Seeing design as an innovative way to fuel development, Awamaki Lab was launched in 2010 by Annie Millican. A flood hit the region, decimating the tourism market which had created a monopoly economy that local artisans relied on for income. Knowing diversification was key, Millican started Lab as a way to foster mission-driven collaborations with designers, boost Awamaki's international presence and help provide a dependable stream of income for local artisans. Awamaki Lab now serves as the design research and development arm of the organisation, working to create quality products which are distinguishable from other fair-trade offerings that have increasingly saturated the market.

Mediating between craftswomen's economic needs and market demands creates unique challenges that drive innovation.

While Awamaki has faced many hurdles, it has also learned some valuable lessons. Awamaki Lab has been able to bring three international designers to work with local women, creating two collections that highlight the rich Andean hand-woven textile culture. Not only do the results of such collaborations create new sales channels, but, as Millican points out, "The interactions themselves also introduce concepts of socially-responsible production practices to the next generation of fashion designers." The collections have been sold across the United States in a series of intimate trunk shows, raising a new challenge: how to meet production demands.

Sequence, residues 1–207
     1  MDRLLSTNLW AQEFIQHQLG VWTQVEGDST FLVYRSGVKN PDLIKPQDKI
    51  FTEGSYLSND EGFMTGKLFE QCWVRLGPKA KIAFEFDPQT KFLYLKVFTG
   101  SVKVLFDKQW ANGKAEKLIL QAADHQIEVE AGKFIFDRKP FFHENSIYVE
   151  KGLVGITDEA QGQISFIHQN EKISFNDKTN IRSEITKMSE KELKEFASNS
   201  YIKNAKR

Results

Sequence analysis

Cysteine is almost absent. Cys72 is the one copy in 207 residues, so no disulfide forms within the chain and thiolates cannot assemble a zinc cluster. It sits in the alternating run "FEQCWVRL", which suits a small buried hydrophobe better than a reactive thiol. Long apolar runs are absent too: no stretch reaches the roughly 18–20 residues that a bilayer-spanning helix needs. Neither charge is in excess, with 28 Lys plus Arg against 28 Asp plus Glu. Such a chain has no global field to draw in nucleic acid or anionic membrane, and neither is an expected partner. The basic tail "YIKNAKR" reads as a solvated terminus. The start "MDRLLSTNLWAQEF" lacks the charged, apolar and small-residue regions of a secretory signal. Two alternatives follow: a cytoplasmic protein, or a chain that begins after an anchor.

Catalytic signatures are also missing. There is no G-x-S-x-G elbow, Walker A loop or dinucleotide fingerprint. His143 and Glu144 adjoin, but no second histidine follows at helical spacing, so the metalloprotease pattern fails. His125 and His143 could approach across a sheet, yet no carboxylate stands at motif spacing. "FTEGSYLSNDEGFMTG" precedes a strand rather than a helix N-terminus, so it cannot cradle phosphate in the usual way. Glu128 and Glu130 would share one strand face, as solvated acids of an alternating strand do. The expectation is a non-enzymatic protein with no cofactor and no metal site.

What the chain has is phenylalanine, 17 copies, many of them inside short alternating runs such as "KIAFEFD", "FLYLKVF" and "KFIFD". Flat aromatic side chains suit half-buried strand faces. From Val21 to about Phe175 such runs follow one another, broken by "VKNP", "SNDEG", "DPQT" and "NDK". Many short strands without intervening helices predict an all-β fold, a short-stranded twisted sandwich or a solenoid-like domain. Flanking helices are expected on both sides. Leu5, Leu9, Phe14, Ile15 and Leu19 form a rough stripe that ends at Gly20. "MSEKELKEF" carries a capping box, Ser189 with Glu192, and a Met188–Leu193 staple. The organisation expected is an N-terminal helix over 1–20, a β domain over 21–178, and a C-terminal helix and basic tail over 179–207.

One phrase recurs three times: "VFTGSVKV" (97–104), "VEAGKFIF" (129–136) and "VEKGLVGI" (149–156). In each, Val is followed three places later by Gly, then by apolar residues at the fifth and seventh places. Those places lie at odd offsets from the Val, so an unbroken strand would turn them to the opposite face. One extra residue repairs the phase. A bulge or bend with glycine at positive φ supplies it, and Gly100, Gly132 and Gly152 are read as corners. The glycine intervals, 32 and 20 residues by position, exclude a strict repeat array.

As Awamaki is an NGO, there is always a fine balance between having patience and generating income. While growth is welcome, it takes time and needs to be allowed to happen organically as the women's skills evolve. Rather than firing artisans who are not able to produce everything perfectly and with the most efficiency the first time, Awamaki focuses on offering their cooperative members the technical training that will allow them to be self-sufficient in the long run. 

Even though many artisans are still in the learning stage, the women are given a fair wage and gradually perfect their techniques as they go. However, working with Awamaki raises new challenges such as following patterns and designs, creating consistent products and working to meet strict deadlines. For this reason, designers that choose to contribute to Awamaki Lab must be highly sensitive to the artisans' abilities and work within those constraints. As Millican explains, "Mediating between craftswomen's economic needs and market demands creates unique challenges that drive innovation in both program and product development."